the transition surface, flat portion and end portion extending substantially rearward of the tongue and cooperating to form an open recess,
the transition surface and end portion including radially extending first and second openings to receive a webbing therethrough in a substantially flat orientation during a non-cinching mode;
a portion of the end portion, includes a rearward slope proximate the second opening to reduce the cross-sectional area thereof;
a bar loosely received into the open recess and entrained in part by the webbing when such webbing is looped about the bar and rearwardly tensioned;
cap means adapted to be received in respective side openings of the open recess for preventing the bar from moving therefrom, the cap means including a cap plate such that when in position such cap plate substantially encloses the top of the recess, the cap means including inserts each having a recess into which is received a respective end of the bar, each cap recess including a transition surface upwardly ramped relative to the flat portion of the plate and to the sloped portion such that when the webbing is in its tensioned condition the bar is urged along each transition surface to compressively clamp a portion of the webbing against a sloped portion of the end portion.
5. A latch plate assembly comprising:
a plate having a tongue formed at one end thereof and at an opposite end a back portion, the back portion includes an end portion comprising open ends and defining an open recess;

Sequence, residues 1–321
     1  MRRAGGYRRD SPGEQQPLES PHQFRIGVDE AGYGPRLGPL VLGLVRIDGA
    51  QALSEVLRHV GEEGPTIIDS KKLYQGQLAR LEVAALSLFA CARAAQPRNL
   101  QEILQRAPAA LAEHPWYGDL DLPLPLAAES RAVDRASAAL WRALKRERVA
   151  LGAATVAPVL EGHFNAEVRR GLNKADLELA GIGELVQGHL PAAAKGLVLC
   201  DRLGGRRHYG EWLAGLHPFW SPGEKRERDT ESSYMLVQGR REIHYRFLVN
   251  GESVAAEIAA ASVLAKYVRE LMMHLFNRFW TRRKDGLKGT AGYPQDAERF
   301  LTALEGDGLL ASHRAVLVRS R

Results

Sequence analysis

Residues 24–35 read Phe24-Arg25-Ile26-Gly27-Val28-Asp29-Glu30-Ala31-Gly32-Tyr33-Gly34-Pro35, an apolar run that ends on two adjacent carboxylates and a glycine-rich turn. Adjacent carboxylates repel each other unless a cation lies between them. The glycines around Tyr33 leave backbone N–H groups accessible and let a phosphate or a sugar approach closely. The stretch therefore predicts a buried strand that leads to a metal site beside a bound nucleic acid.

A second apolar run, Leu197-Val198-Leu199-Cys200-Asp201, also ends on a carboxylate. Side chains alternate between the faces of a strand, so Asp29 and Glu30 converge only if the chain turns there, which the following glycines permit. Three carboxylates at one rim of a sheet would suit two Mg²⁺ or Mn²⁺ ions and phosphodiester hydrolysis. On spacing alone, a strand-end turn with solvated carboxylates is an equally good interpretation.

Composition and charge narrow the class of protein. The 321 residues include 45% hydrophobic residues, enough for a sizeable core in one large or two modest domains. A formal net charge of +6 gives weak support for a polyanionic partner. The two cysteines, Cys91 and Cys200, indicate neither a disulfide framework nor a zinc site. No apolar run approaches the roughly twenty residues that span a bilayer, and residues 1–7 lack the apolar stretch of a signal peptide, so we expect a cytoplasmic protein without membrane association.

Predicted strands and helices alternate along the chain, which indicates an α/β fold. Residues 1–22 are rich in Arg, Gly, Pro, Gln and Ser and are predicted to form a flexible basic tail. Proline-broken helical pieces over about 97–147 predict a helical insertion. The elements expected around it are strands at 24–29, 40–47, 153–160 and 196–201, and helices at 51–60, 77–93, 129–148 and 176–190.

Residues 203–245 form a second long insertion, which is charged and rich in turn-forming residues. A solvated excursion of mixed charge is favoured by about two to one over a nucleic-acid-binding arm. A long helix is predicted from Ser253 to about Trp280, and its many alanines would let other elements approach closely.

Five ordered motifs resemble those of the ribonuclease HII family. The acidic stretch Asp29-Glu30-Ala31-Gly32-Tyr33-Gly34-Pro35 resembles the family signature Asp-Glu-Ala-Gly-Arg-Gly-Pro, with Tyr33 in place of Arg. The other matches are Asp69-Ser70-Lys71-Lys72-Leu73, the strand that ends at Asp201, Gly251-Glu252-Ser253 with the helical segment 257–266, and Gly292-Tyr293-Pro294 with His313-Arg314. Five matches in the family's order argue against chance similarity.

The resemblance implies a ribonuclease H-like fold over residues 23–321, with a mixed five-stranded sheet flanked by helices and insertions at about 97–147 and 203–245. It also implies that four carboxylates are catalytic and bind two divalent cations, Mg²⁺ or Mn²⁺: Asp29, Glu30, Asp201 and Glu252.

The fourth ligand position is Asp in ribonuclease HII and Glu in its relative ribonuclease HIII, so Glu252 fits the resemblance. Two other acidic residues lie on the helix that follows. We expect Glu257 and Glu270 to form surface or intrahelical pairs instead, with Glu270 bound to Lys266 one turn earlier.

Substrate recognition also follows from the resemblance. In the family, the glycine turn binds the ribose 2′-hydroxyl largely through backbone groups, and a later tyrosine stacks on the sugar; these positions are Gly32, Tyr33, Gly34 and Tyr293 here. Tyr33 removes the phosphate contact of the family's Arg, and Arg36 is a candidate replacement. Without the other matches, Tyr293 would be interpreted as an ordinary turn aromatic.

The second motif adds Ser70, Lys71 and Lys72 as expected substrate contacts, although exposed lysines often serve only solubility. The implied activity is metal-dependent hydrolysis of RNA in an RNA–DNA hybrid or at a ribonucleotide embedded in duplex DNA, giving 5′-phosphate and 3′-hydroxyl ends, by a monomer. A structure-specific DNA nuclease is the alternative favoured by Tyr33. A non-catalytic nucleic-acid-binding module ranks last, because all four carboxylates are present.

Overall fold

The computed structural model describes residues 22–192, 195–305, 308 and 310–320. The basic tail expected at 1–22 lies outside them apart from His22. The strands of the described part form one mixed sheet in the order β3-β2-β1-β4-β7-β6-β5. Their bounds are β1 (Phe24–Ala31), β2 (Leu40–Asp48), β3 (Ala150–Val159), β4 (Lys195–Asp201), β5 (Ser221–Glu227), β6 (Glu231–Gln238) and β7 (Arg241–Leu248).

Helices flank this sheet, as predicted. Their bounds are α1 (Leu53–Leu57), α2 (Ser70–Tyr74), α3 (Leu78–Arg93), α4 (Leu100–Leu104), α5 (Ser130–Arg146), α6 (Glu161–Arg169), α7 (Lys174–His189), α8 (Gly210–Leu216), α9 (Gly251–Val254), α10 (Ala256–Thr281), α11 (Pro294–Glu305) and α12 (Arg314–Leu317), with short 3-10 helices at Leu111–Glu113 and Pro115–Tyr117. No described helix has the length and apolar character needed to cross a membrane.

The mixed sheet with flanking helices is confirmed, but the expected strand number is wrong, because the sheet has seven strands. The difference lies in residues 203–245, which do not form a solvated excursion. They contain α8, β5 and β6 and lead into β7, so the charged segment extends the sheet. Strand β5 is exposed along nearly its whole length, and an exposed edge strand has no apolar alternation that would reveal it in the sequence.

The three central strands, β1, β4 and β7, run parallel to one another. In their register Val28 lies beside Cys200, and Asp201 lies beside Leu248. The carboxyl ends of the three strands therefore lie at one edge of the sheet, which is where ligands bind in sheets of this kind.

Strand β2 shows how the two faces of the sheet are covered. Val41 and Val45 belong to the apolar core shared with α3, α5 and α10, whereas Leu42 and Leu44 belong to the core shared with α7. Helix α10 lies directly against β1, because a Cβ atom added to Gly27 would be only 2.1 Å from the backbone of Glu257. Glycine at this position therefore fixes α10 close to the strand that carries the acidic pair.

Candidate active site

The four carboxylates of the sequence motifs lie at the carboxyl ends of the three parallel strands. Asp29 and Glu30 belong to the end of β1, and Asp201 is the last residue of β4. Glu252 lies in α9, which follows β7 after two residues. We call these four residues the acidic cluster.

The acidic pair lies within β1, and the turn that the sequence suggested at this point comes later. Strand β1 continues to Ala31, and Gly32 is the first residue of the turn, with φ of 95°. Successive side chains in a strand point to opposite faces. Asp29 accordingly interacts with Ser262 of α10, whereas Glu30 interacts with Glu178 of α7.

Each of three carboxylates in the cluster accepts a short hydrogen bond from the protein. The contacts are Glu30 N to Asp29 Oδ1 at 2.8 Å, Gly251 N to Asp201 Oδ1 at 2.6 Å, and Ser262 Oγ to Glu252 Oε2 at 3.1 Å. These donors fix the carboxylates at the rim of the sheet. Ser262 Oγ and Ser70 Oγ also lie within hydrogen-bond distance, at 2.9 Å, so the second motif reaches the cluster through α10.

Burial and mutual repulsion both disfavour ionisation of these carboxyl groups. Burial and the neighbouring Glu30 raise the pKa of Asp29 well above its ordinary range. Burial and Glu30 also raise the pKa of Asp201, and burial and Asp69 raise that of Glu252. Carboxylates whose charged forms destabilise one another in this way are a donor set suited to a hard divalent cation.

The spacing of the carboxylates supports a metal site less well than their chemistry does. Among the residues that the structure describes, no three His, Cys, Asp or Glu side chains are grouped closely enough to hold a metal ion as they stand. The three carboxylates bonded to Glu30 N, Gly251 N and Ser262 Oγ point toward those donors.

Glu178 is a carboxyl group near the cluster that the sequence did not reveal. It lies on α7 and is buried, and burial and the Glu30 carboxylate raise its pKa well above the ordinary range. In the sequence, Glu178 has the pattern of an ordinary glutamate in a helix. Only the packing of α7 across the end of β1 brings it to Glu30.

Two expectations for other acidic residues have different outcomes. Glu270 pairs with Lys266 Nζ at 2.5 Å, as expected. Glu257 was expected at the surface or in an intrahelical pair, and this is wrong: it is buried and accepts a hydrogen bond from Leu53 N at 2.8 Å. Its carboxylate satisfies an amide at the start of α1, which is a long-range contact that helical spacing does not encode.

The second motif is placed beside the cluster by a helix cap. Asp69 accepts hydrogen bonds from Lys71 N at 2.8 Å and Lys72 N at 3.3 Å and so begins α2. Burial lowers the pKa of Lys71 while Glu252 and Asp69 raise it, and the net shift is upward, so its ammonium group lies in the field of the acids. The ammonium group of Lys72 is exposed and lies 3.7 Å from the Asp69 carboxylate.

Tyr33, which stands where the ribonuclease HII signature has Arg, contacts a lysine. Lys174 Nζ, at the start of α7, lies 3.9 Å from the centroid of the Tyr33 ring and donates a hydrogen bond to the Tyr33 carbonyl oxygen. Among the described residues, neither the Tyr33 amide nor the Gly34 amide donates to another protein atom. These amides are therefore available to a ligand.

the back portion including radially extending opposing openings through which may be received a substantially flat seat belt webbing;
a lock bar means movable between first and second positions for releasing and compressing the webbing;
cap means for enclosing the open recess and open ends including guide mean for positioning the lock bar means into compressive engagement with the webbing and for slidably securing the lock bar therein and wherein the cap means includes first means for generating a frictional force of engagement with the webbing.
6. The device as defined in claim 5 wherein the first means comprises a resilient wiper element.
7. The device as defined in claim 6 wherein the wiper element is fabricated of rubber.
Description
BACKGROUND AND SUMMARY OF INVENTION

The present invention is related to automotive safety restraint systems and, more particularly, to a low-friction, self-locking latch plate or tongue assembly for a 3-point seat belt system.

Self-locking tongues or latch plates are commonly used to tighten and secure the shoulder and/or portions of a seat belt about the occupant. Such latch plate or tongue mechanisms find application with seat belts for center seats as well as in a continuous type seat belt system having retractors that are commonly used in outboard seating positions. These self-locking tongues or latch plates must be capable of sliding on the webbing in order to provide a proper fit over the occupant and must be able to lock during crash positions to prevent loosening of the lap belt portion and to prevent slack in the shoulder belt portion which may cause a direct transfer of additional forces to the lap belt portion.